What is Spatial Awareness?
Spatial awareness is the awareness of your body in space and the ability to organize knowledge of objects in relation to your body. When a child is developing spatial awareness they will become more aware of where objects are in relation to their body. Developing spatial awareness can be difficult for children with developmental coordination disorder; this is common in autism, cerebral palsy, and other conditions.
Signs of poor Spatial Awareness
Visual perception difficulties
Stand too close or too far from objects
Reproducing patterns, sequencing, and shapes
Strengths of poor Spatial Awareness
Strong in practical and concrete subjects
Excel at multi sensory learning
Good auditory memory skills
Technique of Body Orientation Exercises
Body Orientation Exercises use the same pattern as when a fetus develops in utero. In month two the baby begins to develop the brain and pelvis connections. In month three the baby develops all four limbs. In month five the baby begins to move; the first movement is folding horizontally, then left and right, and lastly crossing the midline. Throughout these exercises the therapist will apply light to deep pressure (depending on the needs of the client) when moving over the limbs.
The therapist starts at the center of the body and extends pressure out to the brain and to the pelvis.
The next part of the body that develops are the limbs individually; this means the therapist starts at the center and radiates out to each limb individually squeezing the end of the limb (hands and feet) always coming back to the center.
The body develops the ability to fold horizontally at five months in utero; the therapist will start at the center and extend to the upper extremities and then lower extremities squeezing the end of the limb (hands and feet) always coming back to the center.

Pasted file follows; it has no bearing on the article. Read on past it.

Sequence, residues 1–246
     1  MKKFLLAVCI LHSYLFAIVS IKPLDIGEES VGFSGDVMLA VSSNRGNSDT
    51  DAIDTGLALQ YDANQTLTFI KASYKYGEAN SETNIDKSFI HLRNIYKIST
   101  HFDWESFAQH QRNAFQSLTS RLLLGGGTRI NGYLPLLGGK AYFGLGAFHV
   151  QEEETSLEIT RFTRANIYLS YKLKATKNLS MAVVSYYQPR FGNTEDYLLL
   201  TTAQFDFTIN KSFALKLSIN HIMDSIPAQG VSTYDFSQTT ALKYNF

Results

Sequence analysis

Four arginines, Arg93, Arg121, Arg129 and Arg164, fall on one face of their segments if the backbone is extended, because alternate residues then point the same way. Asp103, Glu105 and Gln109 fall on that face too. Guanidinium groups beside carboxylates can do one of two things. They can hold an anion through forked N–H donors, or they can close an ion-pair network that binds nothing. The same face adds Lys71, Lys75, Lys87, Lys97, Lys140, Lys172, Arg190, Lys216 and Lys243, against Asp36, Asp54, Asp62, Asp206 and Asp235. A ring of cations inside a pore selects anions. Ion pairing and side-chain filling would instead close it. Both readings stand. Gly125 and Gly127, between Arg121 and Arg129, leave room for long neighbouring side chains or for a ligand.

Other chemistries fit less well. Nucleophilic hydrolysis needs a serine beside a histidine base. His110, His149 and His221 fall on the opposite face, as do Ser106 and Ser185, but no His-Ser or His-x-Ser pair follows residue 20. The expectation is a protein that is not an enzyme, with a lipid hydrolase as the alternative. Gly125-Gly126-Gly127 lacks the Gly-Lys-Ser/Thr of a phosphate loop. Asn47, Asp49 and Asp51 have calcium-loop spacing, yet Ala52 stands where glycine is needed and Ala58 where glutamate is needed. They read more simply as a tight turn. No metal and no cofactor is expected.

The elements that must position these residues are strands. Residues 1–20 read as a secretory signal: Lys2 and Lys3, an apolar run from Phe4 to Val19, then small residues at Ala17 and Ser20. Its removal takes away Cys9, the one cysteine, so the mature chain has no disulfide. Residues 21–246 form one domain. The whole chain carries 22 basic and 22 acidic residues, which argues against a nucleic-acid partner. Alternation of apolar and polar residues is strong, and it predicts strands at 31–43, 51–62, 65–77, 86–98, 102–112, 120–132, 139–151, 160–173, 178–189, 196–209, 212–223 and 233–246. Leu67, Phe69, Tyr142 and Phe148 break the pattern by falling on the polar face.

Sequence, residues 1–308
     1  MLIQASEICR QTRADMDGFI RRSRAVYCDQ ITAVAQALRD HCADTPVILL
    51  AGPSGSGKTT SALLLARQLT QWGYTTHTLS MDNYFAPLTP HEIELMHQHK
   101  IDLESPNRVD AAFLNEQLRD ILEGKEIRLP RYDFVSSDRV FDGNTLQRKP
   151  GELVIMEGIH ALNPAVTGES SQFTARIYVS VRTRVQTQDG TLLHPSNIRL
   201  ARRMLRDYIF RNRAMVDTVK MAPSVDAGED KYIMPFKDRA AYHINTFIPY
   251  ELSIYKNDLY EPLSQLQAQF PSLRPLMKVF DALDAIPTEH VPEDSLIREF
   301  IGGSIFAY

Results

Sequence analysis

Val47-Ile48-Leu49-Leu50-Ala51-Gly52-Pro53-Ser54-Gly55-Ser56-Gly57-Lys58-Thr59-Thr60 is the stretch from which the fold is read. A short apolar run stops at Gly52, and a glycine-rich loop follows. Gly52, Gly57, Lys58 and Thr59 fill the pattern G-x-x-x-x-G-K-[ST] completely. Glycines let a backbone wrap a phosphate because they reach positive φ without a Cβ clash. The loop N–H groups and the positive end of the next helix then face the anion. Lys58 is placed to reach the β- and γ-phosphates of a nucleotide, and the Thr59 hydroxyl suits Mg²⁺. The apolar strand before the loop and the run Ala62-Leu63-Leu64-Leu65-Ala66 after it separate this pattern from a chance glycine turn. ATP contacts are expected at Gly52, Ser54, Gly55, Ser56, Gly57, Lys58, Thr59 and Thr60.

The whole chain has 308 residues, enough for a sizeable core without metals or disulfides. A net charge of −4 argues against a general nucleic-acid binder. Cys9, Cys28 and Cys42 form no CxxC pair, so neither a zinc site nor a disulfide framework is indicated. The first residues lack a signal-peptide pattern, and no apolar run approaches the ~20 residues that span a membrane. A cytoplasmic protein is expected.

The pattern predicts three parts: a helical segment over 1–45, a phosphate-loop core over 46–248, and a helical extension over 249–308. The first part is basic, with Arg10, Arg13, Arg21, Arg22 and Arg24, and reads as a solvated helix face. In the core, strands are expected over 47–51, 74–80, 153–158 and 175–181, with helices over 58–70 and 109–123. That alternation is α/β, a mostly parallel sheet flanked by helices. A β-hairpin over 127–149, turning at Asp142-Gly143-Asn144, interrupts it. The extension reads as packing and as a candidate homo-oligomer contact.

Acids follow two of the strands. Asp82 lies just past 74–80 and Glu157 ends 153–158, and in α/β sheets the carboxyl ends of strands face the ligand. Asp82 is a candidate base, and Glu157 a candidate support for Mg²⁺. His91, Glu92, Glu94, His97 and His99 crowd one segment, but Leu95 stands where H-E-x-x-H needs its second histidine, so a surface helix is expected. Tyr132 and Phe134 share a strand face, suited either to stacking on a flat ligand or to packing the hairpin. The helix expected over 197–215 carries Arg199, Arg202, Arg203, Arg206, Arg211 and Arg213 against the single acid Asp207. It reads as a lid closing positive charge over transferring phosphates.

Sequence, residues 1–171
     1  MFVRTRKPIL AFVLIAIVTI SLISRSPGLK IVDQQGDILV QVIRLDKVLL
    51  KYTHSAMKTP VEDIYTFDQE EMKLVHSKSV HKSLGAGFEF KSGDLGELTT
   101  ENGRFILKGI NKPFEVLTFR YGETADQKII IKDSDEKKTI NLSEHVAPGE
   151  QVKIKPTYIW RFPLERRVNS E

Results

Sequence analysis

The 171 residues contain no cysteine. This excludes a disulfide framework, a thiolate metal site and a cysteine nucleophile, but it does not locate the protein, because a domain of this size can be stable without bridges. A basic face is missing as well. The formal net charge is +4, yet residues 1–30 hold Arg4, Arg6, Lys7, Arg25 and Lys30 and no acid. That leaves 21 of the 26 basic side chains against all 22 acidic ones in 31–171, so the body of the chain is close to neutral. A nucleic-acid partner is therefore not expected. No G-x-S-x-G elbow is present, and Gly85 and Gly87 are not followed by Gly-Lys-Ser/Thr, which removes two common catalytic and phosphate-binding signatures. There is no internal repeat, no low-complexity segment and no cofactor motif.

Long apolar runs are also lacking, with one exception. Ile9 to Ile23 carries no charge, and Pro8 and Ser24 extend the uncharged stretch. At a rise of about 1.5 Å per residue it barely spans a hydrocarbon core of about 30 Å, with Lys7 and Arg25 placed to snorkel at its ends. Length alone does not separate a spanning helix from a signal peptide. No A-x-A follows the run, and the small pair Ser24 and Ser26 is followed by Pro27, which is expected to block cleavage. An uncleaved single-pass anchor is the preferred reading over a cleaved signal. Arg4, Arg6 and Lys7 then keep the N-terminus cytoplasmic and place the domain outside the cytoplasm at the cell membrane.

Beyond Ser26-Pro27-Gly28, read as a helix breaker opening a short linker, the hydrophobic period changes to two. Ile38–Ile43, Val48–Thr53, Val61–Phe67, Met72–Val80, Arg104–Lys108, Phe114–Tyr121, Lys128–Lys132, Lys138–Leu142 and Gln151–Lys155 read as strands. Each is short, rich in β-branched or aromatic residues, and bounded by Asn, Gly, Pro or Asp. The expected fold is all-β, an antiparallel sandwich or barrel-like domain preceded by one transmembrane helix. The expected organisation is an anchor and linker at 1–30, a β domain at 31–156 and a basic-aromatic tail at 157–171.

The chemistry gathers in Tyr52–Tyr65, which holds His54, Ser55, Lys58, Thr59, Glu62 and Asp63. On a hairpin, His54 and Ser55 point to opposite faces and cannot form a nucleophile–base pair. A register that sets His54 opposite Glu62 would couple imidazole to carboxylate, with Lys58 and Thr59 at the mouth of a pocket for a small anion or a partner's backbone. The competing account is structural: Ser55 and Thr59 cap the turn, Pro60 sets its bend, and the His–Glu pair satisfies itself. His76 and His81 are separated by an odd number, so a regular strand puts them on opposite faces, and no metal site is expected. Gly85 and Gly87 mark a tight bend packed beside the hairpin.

Then the body develops the ability to identify left and right sides of the body after learning to fold horizontally; the therapist will start at the center and extend to the right side and then the left side squeezing the end of the limb (hands and feet) always coming back to the center.
Lastly the body develops the ability to cross over the midline after identifying left and right sides of the body; the therapist will start at the center and extend to opposite hand and foot (right hand, left foot, vise versa) squeezing the end of the limb (hands and feet) always coming back to the center.
This process allows the brain to become aware of where the limbs start and stop. For children with developmental coordination disorder this is important to facilitate development.
I start my session with these orientation exercises; it helps the client’s spatial awareness and allows them to make more progress in the session. I have used Body Orientation Exercises with a client who has Cerebral Palsy; after these exercises the client showed a noticeable increase in reaching for the instruments and playing them throughout the session.
-Dana LaValley, Music Therapy Intern
Cleveland Clinic (2017, April 26). Fetal development- stages of growth. Cleveland
Clinic. Retrieved from: https://my.clevelandclinic.org/health/articles/fetal-develo
Eckersley, S. (2012, August 4). Spacial Awareness- Occupational Therapy [Web log
comment]. Retrieved from: http://occupationaltherapyforchildren.over-blog.com/